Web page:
They were much smaller than I had expected! They were also very wild and wary of people. The trough I built for them is way too big and they could barely hop over the 2×6 lip into their shelter. When I look into their pasture from the house, I can only see their ears and waving vegetation. When they sleep, it is in a big pile-o-piglets, they snore and twitch. Their hearing does not seem very keen. I can walk up to them calling out ‘pig-pig’ and tapping the feed bucket and they do not wake up until I am right next to them and then of course they jump away squeee-ing
May 22, 2011
Piglets Make Me Laugh
The piglets were delivered late last Thursday. I held them in a small enclosure made of livestock panels and zip-ties overnight. Friday morning I opened up part of the enclosure to expose them to the electric fence; imagine my dismay when a group of 3 or 4 just kind of walked through the fence! But then they walked right back in to be with the rest of the herd, the desire to stay with the herd is pretty strong and works to my advantage in controlling them–hmm, are you seeing parallels to human behavior here?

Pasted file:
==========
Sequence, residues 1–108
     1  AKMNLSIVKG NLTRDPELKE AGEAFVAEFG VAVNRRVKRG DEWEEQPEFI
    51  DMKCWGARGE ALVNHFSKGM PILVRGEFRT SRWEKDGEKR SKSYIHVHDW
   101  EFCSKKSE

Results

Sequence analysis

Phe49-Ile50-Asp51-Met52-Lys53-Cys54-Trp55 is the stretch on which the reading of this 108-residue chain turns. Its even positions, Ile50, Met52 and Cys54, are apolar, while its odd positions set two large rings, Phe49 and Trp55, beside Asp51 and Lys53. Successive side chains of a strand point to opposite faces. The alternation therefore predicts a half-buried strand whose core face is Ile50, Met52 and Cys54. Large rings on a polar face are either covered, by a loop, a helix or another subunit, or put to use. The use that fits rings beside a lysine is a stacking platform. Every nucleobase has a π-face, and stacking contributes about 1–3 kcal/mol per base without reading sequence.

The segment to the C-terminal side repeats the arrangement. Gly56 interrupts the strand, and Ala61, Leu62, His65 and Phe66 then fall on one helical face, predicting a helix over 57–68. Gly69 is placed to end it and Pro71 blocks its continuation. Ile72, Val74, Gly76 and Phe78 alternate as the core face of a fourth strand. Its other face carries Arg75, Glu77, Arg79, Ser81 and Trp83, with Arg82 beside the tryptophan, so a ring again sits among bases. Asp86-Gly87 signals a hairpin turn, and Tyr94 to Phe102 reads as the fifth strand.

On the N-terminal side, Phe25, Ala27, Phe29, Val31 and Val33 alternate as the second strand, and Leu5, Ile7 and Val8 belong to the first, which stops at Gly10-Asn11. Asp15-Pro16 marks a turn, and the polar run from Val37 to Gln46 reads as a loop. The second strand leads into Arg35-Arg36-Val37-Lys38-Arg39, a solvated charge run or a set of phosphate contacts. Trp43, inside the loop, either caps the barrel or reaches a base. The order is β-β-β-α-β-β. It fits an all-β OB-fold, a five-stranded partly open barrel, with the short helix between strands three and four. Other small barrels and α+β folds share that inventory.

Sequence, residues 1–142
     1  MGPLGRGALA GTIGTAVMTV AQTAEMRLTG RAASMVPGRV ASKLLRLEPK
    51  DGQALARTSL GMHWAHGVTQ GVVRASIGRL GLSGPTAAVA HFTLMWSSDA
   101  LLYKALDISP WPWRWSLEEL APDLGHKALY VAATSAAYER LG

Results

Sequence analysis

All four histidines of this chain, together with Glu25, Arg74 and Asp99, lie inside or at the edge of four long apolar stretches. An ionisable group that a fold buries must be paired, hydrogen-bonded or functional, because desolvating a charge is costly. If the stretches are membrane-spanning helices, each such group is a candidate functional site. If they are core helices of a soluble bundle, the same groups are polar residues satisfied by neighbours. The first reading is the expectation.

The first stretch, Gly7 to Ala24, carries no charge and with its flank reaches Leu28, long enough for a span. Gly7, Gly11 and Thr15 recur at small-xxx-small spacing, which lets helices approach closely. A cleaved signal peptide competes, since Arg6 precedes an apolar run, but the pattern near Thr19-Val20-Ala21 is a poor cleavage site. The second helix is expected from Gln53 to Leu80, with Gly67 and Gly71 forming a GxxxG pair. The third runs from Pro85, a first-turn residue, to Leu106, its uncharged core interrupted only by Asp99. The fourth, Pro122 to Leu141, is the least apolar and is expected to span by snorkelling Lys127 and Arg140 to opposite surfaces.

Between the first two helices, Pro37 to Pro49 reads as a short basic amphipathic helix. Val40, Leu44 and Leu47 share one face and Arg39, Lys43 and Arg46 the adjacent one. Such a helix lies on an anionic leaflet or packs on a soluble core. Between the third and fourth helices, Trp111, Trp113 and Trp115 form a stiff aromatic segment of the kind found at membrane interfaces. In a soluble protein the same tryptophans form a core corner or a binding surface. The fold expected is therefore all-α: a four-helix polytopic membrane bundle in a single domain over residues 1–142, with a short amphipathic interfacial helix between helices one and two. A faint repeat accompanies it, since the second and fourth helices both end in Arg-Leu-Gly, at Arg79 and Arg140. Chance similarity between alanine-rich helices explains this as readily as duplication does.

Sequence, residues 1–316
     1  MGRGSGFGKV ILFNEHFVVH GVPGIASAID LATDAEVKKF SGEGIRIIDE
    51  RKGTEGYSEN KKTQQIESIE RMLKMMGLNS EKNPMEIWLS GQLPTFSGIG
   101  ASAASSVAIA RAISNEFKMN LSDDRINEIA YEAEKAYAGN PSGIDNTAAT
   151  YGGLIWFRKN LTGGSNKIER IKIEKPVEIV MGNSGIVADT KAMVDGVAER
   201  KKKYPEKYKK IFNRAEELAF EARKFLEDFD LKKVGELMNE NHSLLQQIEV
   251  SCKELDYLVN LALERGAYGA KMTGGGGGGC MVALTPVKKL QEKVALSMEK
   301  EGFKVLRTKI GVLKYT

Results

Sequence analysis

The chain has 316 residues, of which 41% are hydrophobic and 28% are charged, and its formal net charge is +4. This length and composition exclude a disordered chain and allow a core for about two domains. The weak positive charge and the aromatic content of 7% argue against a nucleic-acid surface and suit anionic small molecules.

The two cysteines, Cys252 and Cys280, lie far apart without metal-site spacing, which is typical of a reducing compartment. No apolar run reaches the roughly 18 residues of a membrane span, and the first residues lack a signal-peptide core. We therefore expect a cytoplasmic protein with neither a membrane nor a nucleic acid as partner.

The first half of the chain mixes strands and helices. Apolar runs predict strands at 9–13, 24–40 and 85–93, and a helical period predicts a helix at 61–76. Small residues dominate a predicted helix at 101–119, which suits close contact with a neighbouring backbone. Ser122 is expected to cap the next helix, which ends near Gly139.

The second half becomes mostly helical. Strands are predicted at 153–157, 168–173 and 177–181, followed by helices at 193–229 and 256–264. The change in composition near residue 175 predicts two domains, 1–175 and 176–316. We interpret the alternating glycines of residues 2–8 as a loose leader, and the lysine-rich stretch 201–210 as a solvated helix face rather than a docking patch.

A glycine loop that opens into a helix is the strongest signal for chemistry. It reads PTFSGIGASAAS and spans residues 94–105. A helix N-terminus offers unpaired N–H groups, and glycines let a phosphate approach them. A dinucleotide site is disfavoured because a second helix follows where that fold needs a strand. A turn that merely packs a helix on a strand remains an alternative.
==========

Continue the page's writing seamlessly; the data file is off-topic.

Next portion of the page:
The girls and I are getting them tamer every day, today they ate chunks of apple core from our hands and followed us to the fence as we left the pasture. I can see how pigs can endear themselves, they are smart and curious. I am so glad to be able to raise these guys on pasture, where they can run like a tribe of lost boys through the grass, mud from head to toe. I cannot picture how different their lives would be stuck in some building with a thousand other pigs, nowhere to run, no mud to roll in, the stench of manure so strong that it literally brings tears to your eyes. Oh, my eyes are being opened in so many ways through this farmstead experience, I will try to bring more of these eye openers to you as they strike me.